> improvement on write, when I used a single HTable instance, vs. a
> HTable Instance for every client request, in each of the client test
> application.  Will HTablePool only help in a Java process (such as
> Axis web service) that has multiple current threads that try to access
> the HBase?


> Regarding Tatsuya’s suggestion of packing multiple writes into one
> single RPC, I am using HTable as the database tier in a 3-tier web
> application architecture to serve client’s instantaneous data access,
> rather than batched processing.  I am not sure how I can pack multiple
> records into one single flushCommits(), as in one client invocation
> session, data read and data write are interleaving.

Using the write buffer really just makes sense in a batch job you are right,

> So in your email reply, do you mean “multiple puts” across the SAME
> table, or can it be across multiple tables? From my SQL based
> programming experience, I would guess it works only across one single
> table.


> I can have my cluster to go down to 4 region servers as Tatsuya
> suggested and I just acquired a 16-machine cluster (8 cores and 32 GB
> RAM per machine), so I  can increase the region servers to 15  to see
> the performance. And I will let you know my performance measurement
> result in the next week or so.

I think that before anything else, you should get more data. In most
of my comments and others previous replies, we all say that you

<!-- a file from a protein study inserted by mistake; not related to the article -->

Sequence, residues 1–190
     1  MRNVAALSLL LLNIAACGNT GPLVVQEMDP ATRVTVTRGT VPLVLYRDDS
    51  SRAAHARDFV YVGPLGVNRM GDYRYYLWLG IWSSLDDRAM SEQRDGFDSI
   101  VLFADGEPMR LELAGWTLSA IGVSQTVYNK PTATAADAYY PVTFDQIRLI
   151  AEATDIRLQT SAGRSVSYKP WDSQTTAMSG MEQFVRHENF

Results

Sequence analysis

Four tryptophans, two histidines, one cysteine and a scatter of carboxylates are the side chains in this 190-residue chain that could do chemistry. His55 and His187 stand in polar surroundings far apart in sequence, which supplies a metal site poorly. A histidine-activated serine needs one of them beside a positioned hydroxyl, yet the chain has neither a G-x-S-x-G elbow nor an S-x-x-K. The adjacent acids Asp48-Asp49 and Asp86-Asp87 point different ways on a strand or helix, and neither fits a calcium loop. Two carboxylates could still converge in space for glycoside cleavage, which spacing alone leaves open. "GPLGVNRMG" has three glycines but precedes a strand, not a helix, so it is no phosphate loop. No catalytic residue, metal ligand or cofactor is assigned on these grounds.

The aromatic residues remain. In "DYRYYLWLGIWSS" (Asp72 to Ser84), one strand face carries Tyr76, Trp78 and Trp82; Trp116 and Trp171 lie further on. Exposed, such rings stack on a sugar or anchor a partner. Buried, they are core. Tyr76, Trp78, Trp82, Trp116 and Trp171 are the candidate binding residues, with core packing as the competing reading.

probably have more region servers than needed. It may seem weird, but
HBase performs better when loaded with at least an average of 40-50
regions per region server.

> I realized that there is the HBase 0.20.1.  Are there some new
> features inside that can help improve the write performance?

Mostly bug fixes. And BTW, you can set hfile.block.cache.size to 0 if
you want to disable the caching because in your case I'm sure HBase is
able to cache everything thus screwing your numbers ;)

> Regards,
> Jun
> On Sat, Oct 24, 2009 at 9:38 AM, stack <stack@duboce.net> wrote:
>> What Tatsuya said and then, how many regions in your table?  Were your
>> regions distributed out over the cluster evenly so all machines were
>> participating in the test?  Did you start over from scratch each time?   I'm
>> wondering if you had enough data for 12 servers.
>> St.Ack
>> On Fri, Oct 23, 2009 at 6:56 PM, Jun Li <jltz922181@gmail.com> wrote:
>>> I have a cluster of 13 Linux RedHat machines (each one with 4 CPU
>>> cores and 8GB RAM) and I configured it to form a HBase cluster of 1
>>> master and 12 region servers, with HBase-0.20.0 code base.  For the
>>> cluster configuration, I followed what was described in the article
>>> “HBase-0.20.0 Performance Evaluation” by Anty Rao and Schubert Zhang
>>> on August 21, 2009 (accessible from:
>>> http://www.slideshare.net/schubertzhang/hbase-0200-performance-evaluation,
>>> which was also discussed in one of the HBase  mailing list archives in
>>> the last several months). So I allocated 4GB heap for each